Dave Hadley 1927-2000
In February, well-known sailor in Windward Island waters Dave Hadley died of natural causes aboard his beloved Amel ketch Tiempo while at anchor in Martinique. Born in Montreal in 1927, the long-time resident of Grenada was doing what he liked to do best: cruising with family and friends.
At the age of 15, Dave and his brother Gord bought their first sailboat, a run down wreck of a ketch which, as he liked to say, they spent "more time bailing than sailing". As a teenager he worked summers to pay for the wood and supplies needed to build his own boat, which he did with the practical advice of his grandfather. It was a Y-Flyer, the precursor to the fast, Olympic style racing boats which became so popular years later. He was a talented sailor and a driven competitor. Throughout his life he loved to race, winning many cups in Montreal, both as a youth, and later on into his middle age.
After moving to California, Dave entered into the exciting new field of microwave telecommunications, a technology that allowed people in remote and difficult to reach areas to communicate with each other. This work involved much travelling in Europe and Latin America. After the birth of children Karen and Kim, Dave and his wife Pat moved to Venezuela, where Lia was born. While living there, he and Pat discovered, with the help of their friend Jeanne Fisher, the island of Grenada. During their time in Venezuela the whole family often came to Grenada for vacation, with Pat and the kids staying for months in rented homes. There they developed their love for the island and its people and their way of life. And this love formed itself into the plan of moving there, one day, to start a new life. During these years he and Pat made many friends, and those friendships ripened over time.
After moving back to California, the birth of Daniel, and then a move back to Montreal, there was more travel: frequent trips to Grenada and sailing trips up the Grenadines, sailing in Greece and Turkey, skiing trips to Europe and North America. Dave started an ice-boat syndicate which allowed friends and business partners to come to Montreal in the winter and experience the thrills of high-speed sailing over ice, and the warmth of good soup and sandwiches by the fireplace. He was always a gregarious and sociable person and loved to set up opportunities for people from all walks of life to come together.
At the age of 50, Dave Hadley found that the pressures of work were outweighing the pleasures and excitement, and he decided that it was time to make that lifelong dream come true early retirement and a new life based around sailing and Grenada. Adjustment to this new life meant redirecting his energies and talents, which he did through sailing, ham radio, backgammon, the Westerhall Point Residents Association, and the blessed arrival of the personal computer. For Dave, the changes in communications over the last decades had a particular resonance. The opportunities for communication over long distances and in hard to reach areas that computers, new digital technologies, E-mail, the internet, and cellular and satellite phones all afforded him great pleasure. This had after all been an area that he had pioneered, at a time when most of the large multinational companies saw no opportunities.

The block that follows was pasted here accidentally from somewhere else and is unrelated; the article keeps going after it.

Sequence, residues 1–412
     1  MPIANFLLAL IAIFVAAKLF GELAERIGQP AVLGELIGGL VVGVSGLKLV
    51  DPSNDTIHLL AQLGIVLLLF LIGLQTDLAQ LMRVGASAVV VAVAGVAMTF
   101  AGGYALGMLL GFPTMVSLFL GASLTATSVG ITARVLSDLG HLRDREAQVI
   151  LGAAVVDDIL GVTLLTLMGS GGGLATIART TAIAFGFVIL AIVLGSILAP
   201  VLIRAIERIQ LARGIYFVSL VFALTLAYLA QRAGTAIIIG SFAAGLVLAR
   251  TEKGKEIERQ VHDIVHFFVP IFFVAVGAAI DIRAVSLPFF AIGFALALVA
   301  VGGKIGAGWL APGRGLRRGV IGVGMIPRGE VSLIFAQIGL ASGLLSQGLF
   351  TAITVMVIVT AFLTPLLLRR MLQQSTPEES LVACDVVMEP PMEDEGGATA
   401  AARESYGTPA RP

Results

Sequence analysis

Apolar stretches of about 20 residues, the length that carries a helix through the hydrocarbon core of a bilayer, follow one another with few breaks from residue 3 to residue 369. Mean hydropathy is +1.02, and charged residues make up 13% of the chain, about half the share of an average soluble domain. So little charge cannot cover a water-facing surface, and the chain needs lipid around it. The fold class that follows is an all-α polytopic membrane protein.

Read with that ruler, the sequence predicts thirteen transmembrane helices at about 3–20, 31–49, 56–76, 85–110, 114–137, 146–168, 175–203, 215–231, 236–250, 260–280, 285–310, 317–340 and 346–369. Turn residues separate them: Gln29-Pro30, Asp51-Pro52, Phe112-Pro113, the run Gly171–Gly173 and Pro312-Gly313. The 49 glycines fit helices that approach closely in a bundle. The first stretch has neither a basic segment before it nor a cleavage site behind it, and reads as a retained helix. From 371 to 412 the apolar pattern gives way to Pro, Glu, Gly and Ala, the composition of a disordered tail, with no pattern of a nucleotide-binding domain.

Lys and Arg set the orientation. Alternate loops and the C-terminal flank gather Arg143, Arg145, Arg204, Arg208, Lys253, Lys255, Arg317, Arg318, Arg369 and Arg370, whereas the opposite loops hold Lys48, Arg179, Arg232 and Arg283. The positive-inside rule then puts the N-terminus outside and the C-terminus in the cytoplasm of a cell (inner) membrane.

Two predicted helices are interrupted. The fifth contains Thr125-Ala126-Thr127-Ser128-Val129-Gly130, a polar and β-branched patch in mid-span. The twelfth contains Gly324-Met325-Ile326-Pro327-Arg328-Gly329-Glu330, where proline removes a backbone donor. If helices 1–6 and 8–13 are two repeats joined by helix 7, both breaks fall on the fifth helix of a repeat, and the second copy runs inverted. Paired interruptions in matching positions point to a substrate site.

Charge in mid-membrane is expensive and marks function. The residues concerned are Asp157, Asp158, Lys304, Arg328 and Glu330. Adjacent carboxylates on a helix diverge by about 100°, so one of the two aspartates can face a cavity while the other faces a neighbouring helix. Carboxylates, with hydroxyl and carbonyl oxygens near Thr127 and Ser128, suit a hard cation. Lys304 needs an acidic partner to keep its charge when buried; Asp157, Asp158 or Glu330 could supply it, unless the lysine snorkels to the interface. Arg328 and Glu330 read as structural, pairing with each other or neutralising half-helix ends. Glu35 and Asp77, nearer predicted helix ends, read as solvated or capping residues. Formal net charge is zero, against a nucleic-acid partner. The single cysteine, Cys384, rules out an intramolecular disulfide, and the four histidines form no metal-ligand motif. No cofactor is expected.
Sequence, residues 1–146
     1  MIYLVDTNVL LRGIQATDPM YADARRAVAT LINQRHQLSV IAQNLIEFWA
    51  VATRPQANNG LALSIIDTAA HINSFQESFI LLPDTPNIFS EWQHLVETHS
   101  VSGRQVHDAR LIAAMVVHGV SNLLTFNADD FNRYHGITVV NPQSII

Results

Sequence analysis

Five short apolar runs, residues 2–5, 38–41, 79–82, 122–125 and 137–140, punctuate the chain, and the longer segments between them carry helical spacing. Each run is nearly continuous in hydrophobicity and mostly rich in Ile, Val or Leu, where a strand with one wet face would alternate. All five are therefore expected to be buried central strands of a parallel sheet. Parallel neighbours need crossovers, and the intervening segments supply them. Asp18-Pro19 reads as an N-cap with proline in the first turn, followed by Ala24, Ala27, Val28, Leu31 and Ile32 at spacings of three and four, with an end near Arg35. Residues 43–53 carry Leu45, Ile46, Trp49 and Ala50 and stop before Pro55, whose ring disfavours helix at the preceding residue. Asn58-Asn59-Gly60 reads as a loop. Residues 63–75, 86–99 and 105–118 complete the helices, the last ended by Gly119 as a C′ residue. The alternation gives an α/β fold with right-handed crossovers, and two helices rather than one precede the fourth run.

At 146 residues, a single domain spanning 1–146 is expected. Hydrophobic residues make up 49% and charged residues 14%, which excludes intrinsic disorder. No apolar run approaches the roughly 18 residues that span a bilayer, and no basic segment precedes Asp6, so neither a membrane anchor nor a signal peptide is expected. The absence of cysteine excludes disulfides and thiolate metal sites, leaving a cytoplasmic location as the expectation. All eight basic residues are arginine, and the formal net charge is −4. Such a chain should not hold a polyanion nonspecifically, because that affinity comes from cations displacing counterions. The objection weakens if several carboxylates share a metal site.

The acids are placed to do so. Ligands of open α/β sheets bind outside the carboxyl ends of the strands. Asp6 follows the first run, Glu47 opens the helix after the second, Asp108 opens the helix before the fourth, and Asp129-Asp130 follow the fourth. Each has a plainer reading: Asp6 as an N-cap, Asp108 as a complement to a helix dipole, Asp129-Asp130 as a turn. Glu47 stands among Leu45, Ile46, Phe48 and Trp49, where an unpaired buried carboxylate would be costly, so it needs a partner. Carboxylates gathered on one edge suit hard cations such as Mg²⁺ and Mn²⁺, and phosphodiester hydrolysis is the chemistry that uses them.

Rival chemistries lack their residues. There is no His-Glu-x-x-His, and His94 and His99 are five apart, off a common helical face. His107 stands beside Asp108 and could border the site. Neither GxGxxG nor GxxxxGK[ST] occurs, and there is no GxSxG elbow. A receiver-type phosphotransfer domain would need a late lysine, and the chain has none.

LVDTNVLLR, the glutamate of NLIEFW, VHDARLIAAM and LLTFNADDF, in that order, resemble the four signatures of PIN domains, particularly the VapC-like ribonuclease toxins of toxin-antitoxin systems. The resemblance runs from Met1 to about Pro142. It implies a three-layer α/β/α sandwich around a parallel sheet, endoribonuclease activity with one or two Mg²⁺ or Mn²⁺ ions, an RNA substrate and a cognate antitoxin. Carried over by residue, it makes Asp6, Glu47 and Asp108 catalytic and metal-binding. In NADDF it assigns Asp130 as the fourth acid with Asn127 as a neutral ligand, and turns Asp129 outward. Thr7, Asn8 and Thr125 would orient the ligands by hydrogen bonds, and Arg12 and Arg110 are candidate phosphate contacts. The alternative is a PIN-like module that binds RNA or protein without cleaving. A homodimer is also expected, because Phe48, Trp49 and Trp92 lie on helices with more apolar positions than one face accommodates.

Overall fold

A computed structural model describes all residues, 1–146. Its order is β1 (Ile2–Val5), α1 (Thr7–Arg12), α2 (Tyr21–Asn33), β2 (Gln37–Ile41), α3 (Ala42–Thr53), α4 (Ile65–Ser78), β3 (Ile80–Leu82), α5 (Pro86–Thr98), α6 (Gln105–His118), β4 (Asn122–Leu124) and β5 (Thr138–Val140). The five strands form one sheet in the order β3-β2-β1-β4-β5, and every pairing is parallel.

Retirement suited Dave, and while he kept a hand in his old field, and seemed always to be studying new business opportunities in Grenada, the time and freedom which life here provided was a daily source of pleasure and amazement to him. Summers were spent with family and friends on the coast of British Columbia, and aboard Tiempo in such diverse destinations as France, Scotland, Newfoundland and Cuba. He and Pat also found that there were great travel opportunities to be had as passengers, and they travelled on working freighters and explorer vessels through the Northwest passage to Greenland, up the MacKenzie river, and along the south coast of Chile. In Australia he got to sail the Great Barrier Reef and even managed to fulfill another life long dream by sky-diving to celebrate his 70th birthday.
Dave Hadley died quickly, without pain, in company of friends and with
Pat, on his boat in a hurricane hole. Everyone says that he would have
wanted it that way. He never liked good-byes. To quote from Thomas Hardy
on the death of his wife in the poem `Without Ceremony':
So, now that you disappear
For ever in that swift style,
Your meaning seems to me
Just as it used to be:
"Good-bye is not worth while!"
Thanks to the Hadley family for this eulogy.
Copyright© 2000 Compass Publishing